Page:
Recipe: Pumpkin soup


This deliciously creamy soup will bring some much needed warmth to those chilly Autumn days, says Rosa Jackson

I always have trouble accepting the end of summer. I would like the tomato plants to keep producing sweet, vine-ripened fruits all year, and my supply of fragrant Cavaillon melons from Provence never to dry up. Much as I love crisp apples and silky pears, they cannot compare to the frank sensuality of a peach at its peak. Fortunately, a few things make the transition to cooler nights easier to bear: bunches of deep purple muscat grapes, earthy cep mushrooms from the mountains behind Nice and the first bowl of pumpkin soup, as comforting as a cardigan when the breeze picks up.

The most common French variety – called musqué de Provence – has muted orange-grey skin and thick, deep orange flesh. Because it’s so large, this ribbed pumpkin is usually sold in wedges. Other varieties have been popping up at market stalls in recent years, one of the most popular being the potimarron, which loosely translates as chestnut squash. Known as kabocha squash in English, this Asian variety has a dense, slightly dry flesh reminiscent of chestnut, and a sweet but not sugary taste.

I particularly love it for soup as it doesn’t need to be peeled, and pairs equally well with French and Asian flavours. Usually an orange colour with a pointy tip, it can also have dark green skin. In Nice I also see a squash (technically a vegetable marrow) called trompette de Nice, which starts the season as a pale green, striped courgette with a slightly bulbous end before turning dark green and finally orange, at which point it can weigh several kilograms. The darker the flesh the sweeter it will be, though this squash has a subtler taste than the musqué de Provence or potimarron.

When it comes to soup, nothing beats roasting to deepen the character of the squash and add a caramelised dimension. Once the squash and onions are soft and browned they need only to be blended with stock and your chosen flavourings. Because of its smooth sweetness, pumpkin soup needs a little imagination to take it from good to great. Earthy garnishes such as wild mushrooms and fried slices of black pudding work well, as do zingy elements such as fresh ginger or orange zest and juice. Croutons or roasted pumpkin seeds are a good idea, as are sliced chives. Although a spoonful of double cream or crème fraîche is arguably essential, too much dairy can overwhelm the flavour of the pumpkin. When I’m using Asian spices such as Thai red curry paste, I add a little coconut milk. There is nothing better than this spiced-up soup to make me forget that the days are getting shorter.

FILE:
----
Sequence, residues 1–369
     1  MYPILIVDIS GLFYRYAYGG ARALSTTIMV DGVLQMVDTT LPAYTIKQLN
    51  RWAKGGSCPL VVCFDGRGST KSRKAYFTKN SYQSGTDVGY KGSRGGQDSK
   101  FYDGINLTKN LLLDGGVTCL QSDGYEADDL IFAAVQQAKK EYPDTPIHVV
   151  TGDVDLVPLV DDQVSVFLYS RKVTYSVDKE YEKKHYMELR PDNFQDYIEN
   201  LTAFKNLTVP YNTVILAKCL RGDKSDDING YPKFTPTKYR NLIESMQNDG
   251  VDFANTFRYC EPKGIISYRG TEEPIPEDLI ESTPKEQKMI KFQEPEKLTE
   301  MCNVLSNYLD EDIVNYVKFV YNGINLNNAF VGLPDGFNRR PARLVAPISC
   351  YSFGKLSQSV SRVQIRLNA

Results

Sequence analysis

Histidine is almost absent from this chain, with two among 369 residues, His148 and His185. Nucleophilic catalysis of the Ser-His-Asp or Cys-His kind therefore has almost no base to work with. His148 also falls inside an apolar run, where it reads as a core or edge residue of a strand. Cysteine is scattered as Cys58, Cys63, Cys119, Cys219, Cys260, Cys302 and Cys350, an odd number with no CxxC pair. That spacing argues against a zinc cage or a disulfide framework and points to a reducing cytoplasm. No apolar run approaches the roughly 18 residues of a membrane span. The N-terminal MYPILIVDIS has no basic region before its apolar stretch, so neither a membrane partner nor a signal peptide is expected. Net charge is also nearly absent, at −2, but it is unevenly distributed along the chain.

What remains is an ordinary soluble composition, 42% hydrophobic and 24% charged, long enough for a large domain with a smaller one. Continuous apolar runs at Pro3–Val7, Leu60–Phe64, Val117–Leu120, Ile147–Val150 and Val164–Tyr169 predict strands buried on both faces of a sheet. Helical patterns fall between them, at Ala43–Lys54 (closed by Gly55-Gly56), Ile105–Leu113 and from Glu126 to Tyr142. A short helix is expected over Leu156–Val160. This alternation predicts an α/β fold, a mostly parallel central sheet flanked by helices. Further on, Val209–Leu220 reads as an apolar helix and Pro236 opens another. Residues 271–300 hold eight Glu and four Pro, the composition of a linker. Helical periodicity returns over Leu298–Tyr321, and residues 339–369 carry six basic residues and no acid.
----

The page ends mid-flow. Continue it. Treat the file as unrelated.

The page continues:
800g/1lb 13oz squash (pumpkin or another variety)

1 red onion

2tbsp olive oil

2 bay leaves

1 sprig rosemary

375-500ml/11⁄2-2 cups vegetable or chicken stock (I like the Kallø organic onion soup stock cubes)

1tbsp crème fraîche

Sea salt and freshly ground pepper

1. Preheat the oven to 200°C/400°F/gas mark 6. Peel the squash if necessary (depending on the variety) and cut it into 2.5cm/1in chunks. Cut the red onion into six or eight wedges depending on the size.

3. Place the squash and onion in a large roasting tin and toss with the oil, herbs and a sprinkling of sea salt, keeping the pumpkin on one side and the onion on the other. Roast for 25-30 minutes, until soft and browned, but not burnt. Remove the red onions a little earlier if necessary.

4. Place the squash and onions in a saucepan with 375ml of stock. Heat until almost boiling, then liquidise with a stick blender (or transfer to a blender). Thin with a little more stock if necessary. Stir in the crème fraîche and adjust the seasonings.

5. Serve with garnishes such as croutons, chopped chives, another spoonful of crème fraîche, sautéed mushrooms, chestnuts, crisp pancetta or browned slices of black pudding.

More French recipes:

Boeuf bourguignon

Confit de canard

Magret de canard

Sole meunière

Baba au rhum

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